Thursday, July 16, 2009

When broken shutters, hives and heartache lead the way to grace.

My camera reminded me.

I was on Cape Cod, sitting on the beach, trying to ignore a severe allergic rash that came out of nowhere, on the heels of my slow recovery from the lethal MRSA infection. On the heels of the final breakup of my two-year relationship. No, it was not a good month for me.

Little red bumps covered my chest, legs and arms. My feet, lips and ears were swollen beyond recognition. To keep my mind off of the pain and itchiness in my body, I decided to pick up my camera and take some pictures. After years of bringing my camera on various travels and leaving it in my suitcase because I couldn’t be bothered (it distracted me from the present moment, and I took bad pictures to boot!), a photographer friend had encouraged me so much that I now look forward to capturing what I see. Thank you, Friend.

I took out my camera, turned it on and looked at the digital display. Instead of the flowers I had been looking at, I saw a partial image—diagonal black lines framing the shot. I turned the camera around and looked at the lens. The shutter was half open. Great, I thought. Now this?!

I tried turning the camera off. Turning it back on. Off. On. The shutter would only open halfway. I was bummed. I knew I needed a new camera, but I wasn’t ready to make an investment at that point in time. Plus, there wasn’t much I could do about it on the beach. I felt irritability very clearly turning into irritation. I sat on the sand, pouting, while my friend lay down and went to sleep.

With no one to talk to and nothing to do, I turned the camera on again. And then I remembered. So what if the shutter doesn’t open all the way? You can still take pictures. Actually, this is kind of cool. My creative voice had returned. I started taking pictures, enjoying the new angle imposed by the half-closed shutter. Framing the shots in a way that would fit nicely inside a diagonal shape. What could I see? What couldn’t I see? It was fascinating.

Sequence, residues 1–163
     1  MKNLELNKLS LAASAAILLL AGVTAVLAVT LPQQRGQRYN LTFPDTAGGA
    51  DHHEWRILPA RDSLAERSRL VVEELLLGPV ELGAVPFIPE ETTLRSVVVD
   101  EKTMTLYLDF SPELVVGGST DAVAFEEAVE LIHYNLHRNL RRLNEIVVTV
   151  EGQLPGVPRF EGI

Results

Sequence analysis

After a few minutes of taking pictures, the shutter opened all the way on its own. And I was back to playing with the full picture. But now things were different. My world had shifted. I felt like I could take more chances. I lay down on the sand to shoot the beach scenery from a different perspective. The sand itself presented a cool-looking crab leg, some grass, a perfect red goldfish cracker—all for me to shoot.

When things change unexpectedly, we ask ourselves how can we go on? Quite simply. By going on. Maybe shifting direction a bit. Gently. Doing the best we can. In the midst of my Benadryl haze, I had forgotten momentarily. That from a halfway open shutter, light still shines in. Once we stop reacting to change and sit quietly with all of our broken shutters, hives and heartache, new opportunities reveal themselves to us. We realize that this very moment is exactly as it should be in all of its imperfection. Giving us the opportunity to experience life from a different angle.

In appreciating what we are able to see, create and capture from this different place, things right themselves along the way. Not only do they right themselves, but our world becomes richer, more beautiful. As we travel through times of deep imperfection, we gain confidence, become more courageous and daring in the process. Because we’ll always remember that once our world seemed to close in on us, and we were still able to move ahead and create something amazing. And as we did so, the world opened up and gifted us with grace.


When I returned from Cape Cod, I started working on a project with an organization that helps youth deal with grief and loss. And as if preparing me for this important work, the universe seemed to direct me to two films on this subject: an amazing Japanese film called Departures and a subtle Italian film called Quiet Chaos. In these films, the protagonists respond to unexpected loss by making their own changes and patiently experiencing the discomfort of it all. In so doing, they let their new lives unfold before them and lead them to unforeseen beauty, love and grace.


Alexis said...

Great post, Rita! Very inspirational!

I love the photos you took, with the shutter both open and closed.

You're a survivor and eternal optimist. :-)



riva said...

and you take beautiful pictures even with the shutter half open

Anonymous said...

Beautiful photos...beautiful article.

A friend